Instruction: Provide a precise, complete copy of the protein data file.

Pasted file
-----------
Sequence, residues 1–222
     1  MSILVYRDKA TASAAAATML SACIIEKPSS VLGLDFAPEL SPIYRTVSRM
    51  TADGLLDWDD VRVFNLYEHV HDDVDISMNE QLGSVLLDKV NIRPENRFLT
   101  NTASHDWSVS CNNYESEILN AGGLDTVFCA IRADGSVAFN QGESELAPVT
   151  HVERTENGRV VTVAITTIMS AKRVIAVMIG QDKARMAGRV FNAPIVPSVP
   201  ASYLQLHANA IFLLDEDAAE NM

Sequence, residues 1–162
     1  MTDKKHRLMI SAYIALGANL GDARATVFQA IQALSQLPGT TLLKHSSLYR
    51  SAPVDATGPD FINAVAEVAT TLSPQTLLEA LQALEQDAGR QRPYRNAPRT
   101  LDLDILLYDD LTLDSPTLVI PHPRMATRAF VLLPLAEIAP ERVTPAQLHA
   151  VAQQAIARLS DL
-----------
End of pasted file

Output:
Sequence, residues 1–222
     1  MSILVYRDKA TASAAAATML SACIIEKPSS VLGLDFAPEL SPIYRTVSRM
    51  TADGLLDWDD VRVFNLYEHV HDDVDISMNE QLGSVLLDKV NIRPENRFLT
   101  NTASHDWSVS CNNYESEILN AGGLDTVFCA IRADGSVAFN QGESELAPVT
   151  HVERTENGRV VTVAITTIMS AKRVIAVMIG QDKARMAGRV FNAPIVPSVP
   201  ASYLQLHANA IFLLDEDAAE NM

Sequence, residues 1–162
     1  MTDKKHRLMI SAYIALGANL GDARATVFQA IQALSQLPGT TLLKHSSLYR
    51  SAPVDATGPD FINAVAEVAT TLSPQTLLEA LQALEQDAGR QRPYRNAPRT
   101  LDLDILLYDD LTLDSPTLVI PHPRMATRAF VLLPLAEIAP ERVTPAQLHA
   151  VAQQAIARLS DL